Absaroka Lake, Beartooth Highway south of Red Lodge Montana
Red Lodge, Montana is one of several gateways to Yellowstone Park however, it is the only gateway that has the beautiful Beartooth Highway as the gate. Come and experience true western hospitality in this quaint, historic, mountain town. Today, Red Lodge is still a working agricultural town. Thanks in no small part to the town’s preservation of and appreciation for its colorful past, it’s also a fascinating destination where history is not so much a thing of the past as it is a vibrant part of the present.
Red Lodge features beautiful ranch lands, flowing rivers, spring creeks, and abundant wildlife. Mule deer enjoy the open range and grasslands available to them in outside Red Lodge, Yellowstone elk come down from the mountain tops to spend the winters, grizzly bears often visit to provide a thrill or a scare, moose are also abundant and wolves wander in and out of the valley.
Red Lodge is well known for many outdoor recreation opportunities: skiing, mountain biking, and backpacking are nearby. In April, it is host to the popular Peaks to Prairie triathlon.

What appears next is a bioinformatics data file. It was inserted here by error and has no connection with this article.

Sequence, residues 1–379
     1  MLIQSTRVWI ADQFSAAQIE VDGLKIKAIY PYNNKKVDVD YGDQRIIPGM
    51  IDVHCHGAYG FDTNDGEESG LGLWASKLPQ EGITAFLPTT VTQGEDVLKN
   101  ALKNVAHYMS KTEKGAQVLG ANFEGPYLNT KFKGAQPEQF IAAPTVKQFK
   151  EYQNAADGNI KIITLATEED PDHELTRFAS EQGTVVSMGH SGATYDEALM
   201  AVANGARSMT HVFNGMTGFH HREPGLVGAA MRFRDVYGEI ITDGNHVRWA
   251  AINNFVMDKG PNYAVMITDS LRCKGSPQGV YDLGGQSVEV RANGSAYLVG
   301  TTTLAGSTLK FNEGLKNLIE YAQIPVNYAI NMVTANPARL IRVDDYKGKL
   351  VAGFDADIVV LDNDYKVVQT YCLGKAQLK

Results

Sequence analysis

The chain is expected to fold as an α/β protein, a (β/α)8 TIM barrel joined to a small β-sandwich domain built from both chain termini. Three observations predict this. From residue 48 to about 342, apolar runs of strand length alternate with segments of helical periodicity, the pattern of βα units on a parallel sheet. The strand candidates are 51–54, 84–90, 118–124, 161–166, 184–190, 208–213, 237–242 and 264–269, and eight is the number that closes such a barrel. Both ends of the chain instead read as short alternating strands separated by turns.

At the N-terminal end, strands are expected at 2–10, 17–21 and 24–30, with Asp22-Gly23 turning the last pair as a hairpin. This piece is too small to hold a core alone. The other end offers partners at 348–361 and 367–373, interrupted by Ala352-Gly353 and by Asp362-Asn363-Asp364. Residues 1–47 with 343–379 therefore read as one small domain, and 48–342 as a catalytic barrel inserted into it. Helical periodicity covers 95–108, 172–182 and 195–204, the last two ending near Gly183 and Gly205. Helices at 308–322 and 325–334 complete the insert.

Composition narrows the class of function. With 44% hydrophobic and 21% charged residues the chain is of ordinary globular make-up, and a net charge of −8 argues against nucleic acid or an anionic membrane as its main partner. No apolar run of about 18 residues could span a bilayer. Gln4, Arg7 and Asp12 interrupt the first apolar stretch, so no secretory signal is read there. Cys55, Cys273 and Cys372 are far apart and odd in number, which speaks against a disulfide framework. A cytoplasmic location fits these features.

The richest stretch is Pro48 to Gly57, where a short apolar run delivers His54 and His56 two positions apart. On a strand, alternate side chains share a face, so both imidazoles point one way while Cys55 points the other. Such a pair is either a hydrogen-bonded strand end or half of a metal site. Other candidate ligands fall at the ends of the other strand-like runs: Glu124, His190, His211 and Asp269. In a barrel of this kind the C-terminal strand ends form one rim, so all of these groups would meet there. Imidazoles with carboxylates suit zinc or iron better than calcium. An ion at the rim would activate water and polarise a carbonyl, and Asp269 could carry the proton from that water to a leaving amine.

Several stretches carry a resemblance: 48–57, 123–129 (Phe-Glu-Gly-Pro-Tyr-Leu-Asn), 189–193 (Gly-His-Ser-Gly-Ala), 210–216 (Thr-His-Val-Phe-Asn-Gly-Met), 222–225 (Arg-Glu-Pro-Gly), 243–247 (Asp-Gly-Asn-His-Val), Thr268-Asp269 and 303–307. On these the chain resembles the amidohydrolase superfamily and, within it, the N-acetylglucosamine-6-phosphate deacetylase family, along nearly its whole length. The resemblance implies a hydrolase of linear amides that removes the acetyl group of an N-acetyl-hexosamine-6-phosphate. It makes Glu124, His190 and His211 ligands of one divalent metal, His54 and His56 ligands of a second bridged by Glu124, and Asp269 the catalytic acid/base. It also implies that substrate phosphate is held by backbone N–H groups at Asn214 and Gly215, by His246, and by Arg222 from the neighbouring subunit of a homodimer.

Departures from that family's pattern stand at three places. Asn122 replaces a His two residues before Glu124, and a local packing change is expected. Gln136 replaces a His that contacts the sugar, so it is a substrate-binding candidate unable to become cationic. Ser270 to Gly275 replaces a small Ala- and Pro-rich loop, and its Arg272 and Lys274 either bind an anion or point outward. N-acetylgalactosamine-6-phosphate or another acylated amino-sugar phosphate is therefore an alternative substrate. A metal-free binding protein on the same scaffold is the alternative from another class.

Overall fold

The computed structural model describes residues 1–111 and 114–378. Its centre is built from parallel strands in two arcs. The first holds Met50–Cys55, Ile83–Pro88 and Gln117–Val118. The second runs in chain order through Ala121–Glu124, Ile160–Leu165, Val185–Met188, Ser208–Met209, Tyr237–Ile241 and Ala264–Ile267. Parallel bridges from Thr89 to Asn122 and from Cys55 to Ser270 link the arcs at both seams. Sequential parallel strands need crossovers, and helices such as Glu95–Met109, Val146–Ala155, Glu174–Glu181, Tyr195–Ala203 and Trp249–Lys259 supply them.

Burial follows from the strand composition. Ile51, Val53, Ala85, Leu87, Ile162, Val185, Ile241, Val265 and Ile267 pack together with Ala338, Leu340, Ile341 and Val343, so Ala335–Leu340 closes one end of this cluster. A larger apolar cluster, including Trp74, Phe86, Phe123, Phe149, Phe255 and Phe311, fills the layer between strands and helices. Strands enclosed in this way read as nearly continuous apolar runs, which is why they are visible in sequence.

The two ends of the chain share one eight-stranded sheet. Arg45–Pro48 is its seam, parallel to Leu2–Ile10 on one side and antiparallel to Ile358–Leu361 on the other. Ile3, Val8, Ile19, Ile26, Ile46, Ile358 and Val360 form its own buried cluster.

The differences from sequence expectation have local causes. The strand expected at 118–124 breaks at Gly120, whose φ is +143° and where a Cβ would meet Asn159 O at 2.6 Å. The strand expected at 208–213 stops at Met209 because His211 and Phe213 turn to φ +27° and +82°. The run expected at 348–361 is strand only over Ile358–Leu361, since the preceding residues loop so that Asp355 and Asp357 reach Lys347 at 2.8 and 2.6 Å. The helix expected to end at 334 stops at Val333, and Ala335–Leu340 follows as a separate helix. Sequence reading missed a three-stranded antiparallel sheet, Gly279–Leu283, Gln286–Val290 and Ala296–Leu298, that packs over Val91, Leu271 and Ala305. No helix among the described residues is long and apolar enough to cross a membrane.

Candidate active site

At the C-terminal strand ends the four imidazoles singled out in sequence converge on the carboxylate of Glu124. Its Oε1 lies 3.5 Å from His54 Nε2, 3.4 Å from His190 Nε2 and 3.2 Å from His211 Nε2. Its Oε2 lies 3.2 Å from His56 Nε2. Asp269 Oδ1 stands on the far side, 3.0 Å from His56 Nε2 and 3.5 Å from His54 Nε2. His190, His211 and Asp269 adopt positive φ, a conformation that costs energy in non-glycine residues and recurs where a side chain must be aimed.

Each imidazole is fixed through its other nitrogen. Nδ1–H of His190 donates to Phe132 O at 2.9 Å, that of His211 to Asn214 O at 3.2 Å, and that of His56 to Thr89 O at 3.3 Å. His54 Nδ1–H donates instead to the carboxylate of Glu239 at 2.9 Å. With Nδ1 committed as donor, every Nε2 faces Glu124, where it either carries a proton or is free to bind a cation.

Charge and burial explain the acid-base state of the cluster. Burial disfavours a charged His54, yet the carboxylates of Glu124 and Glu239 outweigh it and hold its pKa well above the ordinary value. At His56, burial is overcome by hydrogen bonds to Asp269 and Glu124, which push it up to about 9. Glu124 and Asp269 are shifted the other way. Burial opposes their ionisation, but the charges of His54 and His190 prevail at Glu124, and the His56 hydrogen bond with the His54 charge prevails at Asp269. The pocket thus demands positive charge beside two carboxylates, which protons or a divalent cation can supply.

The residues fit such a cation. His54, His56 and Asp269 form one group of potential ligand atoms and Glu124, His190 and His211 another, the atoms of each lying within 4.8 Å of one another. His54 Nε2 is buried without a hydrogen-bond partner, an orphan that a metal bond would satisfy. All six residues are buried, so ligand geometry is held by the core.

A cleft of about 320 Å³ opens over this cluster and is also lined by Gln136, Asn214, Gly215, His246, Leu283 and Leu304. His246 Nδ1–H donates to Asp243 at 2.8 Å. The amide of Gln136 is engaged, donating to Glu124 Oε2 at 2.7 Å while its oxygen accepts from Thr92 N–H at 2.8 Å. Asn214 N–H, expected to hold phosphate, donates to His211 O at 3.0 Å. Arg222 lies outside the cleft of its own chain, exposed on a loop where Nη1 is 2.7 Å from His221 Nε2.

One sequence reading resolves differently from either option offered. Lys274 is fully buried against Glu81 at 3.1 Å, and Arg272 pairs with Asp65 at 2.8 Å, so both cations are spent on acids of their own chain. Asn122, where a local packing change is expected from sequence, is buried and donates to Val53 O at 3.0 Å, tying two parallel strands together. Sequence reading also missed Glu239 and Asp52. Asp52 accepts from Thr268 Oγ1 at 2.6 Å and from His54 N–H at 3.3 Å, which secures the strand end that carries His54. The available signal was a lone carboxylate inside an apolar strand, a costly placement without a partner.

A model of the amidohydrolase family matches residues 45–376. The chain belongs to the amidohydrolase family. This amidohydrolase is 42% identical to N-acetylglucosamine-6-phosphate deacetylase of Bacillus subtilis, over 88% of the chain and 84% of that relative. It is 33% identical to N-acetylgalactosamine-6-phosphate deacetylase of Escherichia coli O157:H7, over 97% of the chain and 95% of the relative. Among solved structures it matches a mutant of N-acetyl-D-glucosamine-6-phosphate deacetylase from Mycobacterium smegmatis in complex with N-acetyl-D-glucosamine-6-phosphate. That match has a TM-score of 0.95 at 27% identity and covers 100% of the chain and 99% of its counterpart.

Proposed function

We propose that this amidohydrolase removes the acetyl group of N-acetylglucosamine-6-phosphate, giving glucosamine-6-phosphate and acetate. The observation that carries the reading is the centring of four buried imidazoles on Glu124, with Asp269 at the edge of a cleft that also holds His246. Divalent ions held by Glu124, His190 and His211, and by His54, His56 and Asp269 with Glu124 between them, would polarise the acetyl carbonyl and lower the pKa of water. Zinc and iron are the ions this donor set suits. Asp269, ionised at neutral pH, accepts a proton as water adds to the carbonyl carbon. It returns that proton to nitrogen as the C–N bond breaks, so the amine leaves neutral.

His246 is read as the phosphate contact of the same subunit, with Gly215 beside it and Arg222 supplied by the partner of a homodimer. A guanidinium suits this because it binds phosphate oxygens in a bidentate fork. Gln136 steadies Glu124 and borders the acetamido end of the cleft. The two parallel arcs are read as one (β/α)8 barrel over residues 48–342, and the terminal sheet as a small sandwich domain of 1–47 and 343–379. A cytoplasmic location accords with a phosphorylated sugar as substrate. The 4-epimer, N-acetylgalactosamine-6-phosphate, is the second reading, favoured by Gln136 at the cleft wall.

Scott Hunter releasing Brook Trout back into Little Bear Lake in the Beartooth Mountains.
Downhill skiing is the main attraction in winter; Red Lodge Mountain Resort has a long history dating back to 1960 when the ski area first opened. Originally started by a local enthusiastic ski club, they have spent the last 50 years growing into a resort that attracts visitors and families from all over the country. For those who seek an uncrowded, authentic ski experience where one can truly relax and have fun.
When the snow melts, the action moves to Red Lodge Mountain Resort’s 18-hole golf course that’s at the base of the Beartooth Mountains with miles of views that will make it hard to keep your eye on the ball!
The close proximity to Yellowstone Park, the Beartooth Highway and many other natural wonders make Red Lodge the perfect place to vacation or live. Besides having the legendary fly-fishing Yellowstone River not far away World class big game hunting, whitewater rafting, kayaking, wildlife viewing and photography, hiking, camping and horseback riding are just a few of the unlimited recreational opportunities available here in Red Lodge. Many fine bed and breakfasts; cabins and guest ranches provide lots of options for fine lodging.
Climbing is popular in Red Lodges Absaroka/Beartooth Mountains, Montana's highest peak, Granite Peak at 12,799 is a popular climb for many and there are many challenging climbing routes in rugged, remote wilderness locales on many classic routes in the Beartooth District.
Red Lodge’s creeks, rivers, and alpine lakes are treats to experience, fishing is popular because it is so good on the Yellowstone, Stillwater, Rock Creek, and the many lakes the dot the Beartooth Highway.